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Banning M2M: The Worst Mistake in History
Yesterday the house Financial Services Subcommittee run by Paul E. Kanjorski (D-PA) discussed mark-to-market accounting.
Why do you care? Some misguided wicks out there (i.e. Warren Buffett and Steve Forbes) have asked for the M2M (yes, we have a silly text friendly symbol for mark-to-market now, twitters rejoice!) to be banned. On one hand I say yes, but only if it applies to me as well. It would allow me to ask my clients to stop using their current portfolio balances and simply use the balances from 2007. This would make me look spectacular, my referrals would shoot though the roof, and nobody would call concerned about the future of their retirement. The problem with this is that it is a fraud. People seeking to ban the M2M rule are asking the investing public to support the next great Ponzi scheme. The only difference in this scenario is that trades are placed and the money is invested in bank debt.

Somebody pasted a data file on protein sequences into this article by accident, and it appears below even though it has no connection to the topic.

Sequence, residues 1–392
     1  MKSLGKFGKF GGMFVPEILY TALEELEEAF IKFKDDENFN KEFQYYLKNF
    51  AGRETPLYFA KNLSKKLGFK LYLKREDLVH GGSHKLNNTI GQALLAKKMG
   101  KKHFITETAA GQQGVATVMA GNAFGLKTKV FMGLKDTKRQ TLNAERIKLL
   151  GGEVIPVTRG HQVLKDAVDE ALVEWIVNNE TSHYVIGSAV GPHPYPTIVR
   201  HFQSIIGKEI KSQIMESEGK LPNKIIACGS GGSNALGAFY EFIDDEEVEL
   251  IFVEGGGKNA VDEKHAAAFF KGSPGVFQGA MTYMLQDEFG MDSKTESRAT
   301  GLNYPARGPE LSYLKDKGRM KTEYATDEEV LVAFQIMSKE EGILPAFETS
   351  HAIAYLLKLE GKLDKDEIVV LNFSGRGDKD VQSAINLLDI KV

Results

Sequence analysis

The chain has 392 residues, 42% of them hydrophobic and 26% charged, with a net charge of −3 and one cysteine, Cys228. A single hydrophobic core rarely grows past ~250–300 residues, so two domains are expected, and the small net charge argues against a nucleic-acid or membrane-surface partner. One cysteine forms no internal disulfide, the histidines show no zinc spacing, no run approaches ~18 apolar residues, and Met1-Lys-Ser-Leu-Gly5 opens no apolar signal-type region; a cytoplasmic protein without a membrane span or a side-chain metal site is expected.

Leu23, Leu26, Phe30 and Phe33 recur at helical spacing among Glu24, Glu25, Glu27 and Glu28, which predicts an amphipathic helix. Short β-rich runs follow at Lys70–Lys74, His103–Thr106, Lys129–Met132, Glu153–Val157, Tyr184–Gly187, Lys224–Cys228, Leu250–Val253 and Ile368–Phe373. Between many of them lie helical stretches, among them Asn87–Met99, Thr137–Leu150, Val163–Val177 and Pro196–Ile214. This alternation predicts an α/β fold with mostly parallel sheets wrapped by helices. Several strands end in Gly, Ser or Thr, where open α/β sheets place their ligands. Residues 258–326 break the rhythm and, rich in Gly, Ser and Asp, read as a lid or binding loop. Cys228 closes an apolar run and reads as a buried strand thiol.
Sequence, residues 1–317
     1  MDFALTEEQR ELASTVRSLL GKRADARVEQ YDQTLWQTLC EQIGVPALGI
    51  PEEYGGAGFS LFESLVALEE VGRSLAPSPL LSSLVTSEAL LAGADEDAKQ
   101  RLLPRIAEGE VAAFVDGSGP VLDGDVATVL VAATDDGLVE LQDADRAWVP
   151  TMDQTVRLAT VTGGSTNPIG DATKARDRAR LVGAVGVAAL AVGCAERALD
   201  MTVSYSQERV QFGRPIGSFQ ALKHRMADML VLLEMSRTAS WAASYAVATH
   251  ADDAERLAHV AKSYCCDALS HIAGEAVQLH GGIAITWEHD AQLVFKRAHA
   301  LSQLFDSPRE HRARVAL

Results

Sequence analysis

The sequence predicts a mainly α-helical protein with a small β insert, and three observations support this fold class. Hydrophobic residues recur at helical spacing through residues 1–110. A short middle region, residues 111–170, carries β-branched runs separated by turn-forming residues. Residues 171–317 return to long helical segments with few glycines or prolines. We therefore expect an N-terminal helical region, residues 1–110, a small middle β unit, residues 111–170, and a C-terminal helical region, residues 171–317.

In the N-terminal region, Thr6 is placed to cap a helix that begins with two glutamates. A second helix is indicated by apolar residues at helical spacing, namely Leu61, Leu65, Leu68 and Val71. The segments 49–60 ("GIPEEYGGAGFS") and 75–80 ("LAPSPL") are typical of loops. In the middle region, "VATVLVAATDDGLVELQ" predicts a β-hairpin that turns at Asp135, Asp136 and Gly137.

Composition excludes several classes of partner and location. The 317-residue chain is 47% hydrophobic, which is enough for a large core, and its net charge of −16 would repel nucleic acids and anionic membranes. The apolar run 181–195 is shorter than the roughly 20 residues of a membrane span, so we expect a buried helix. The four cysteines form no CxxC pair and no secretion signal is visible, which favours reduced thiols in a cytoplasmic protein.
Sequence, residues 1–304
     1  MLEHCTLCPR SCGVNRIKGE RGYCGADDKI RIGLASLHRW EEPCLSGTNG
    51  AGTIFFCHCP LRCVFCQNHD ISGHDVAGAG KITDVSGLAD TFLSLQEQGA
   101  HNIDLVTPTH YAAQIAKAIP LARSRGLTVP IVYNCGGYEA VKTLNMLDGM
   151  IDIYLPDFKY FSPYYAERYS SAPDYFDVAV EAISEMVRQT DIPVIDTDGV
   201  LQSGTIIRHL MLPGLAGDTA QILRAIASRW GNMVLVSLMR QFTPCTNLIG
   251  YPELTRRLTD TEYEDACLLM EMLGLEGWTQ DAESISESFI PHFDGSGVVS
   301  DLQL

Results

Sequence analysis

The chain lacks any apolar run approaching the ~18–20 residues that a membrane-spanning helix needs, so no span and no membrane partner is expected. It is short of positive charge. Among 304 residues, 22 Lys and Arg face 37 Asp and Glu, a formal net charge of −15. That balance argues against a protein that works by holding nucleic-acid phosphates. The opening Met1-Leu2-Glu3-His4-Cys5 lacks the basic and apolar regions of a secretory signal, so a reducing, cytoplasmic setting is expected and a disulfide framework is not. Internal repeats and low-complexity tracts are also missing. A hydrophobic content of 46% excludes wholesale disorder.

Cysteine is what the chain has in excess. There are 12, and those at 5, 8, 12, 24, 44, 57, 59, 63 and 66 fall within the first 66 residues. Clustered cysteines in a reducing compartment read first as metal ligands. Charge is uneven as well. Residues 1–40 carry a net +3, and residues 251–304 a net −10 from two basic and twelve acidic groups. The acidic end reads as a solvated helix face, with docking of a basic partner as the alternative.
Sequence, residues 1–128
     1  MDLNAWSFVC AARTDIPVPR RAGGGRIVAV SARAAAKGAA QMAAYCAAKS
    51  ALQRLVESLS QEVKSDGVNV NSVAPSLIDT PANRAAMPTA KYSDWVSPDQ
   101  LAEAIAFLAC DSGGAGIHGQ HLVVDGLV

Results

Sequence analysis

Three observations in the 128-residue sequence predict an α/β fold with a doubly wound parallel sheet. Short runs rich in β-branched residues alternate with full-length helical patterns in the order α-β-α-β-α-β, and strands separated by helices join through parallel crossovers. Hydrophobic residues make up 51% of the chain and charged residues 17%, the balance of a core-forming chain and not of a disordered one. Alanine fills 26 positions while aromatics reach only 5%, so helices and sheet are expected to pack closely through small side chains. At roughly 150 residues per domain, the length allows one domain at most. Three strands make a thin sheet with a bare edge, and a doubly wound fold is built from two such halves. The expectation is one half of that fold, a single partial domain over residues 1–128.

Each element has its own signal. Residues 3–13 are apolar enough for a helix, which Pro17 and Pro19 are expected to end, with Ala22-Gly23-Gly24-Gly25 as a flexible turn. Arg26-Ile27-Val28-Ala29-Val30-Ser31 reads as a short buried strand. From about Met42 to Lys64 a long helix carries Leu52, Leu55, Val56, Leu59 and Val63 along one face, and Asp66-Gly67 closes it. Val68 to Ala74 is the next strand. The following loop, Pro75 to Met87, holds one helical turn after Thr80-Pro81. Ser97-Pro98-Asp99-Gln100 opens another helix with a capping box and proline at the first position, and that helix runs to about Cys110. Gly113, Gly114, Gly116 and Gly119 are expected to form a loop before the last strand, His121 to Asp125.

Now that I have everyone worked up, let’s take a step back to remind ourselves why this is important. While most banks don’t have large amounts of debt subject to M2M rules, the big guys (BAC, WFC, JPM, C) have a serious issue with it. Why? They borrowed money to make dangerous investments that have not worked out. There is nothing illegal with incompetence or making bad bets. However, now they are upset because the M2M exposes their incompetence. At least they all were doing it, right?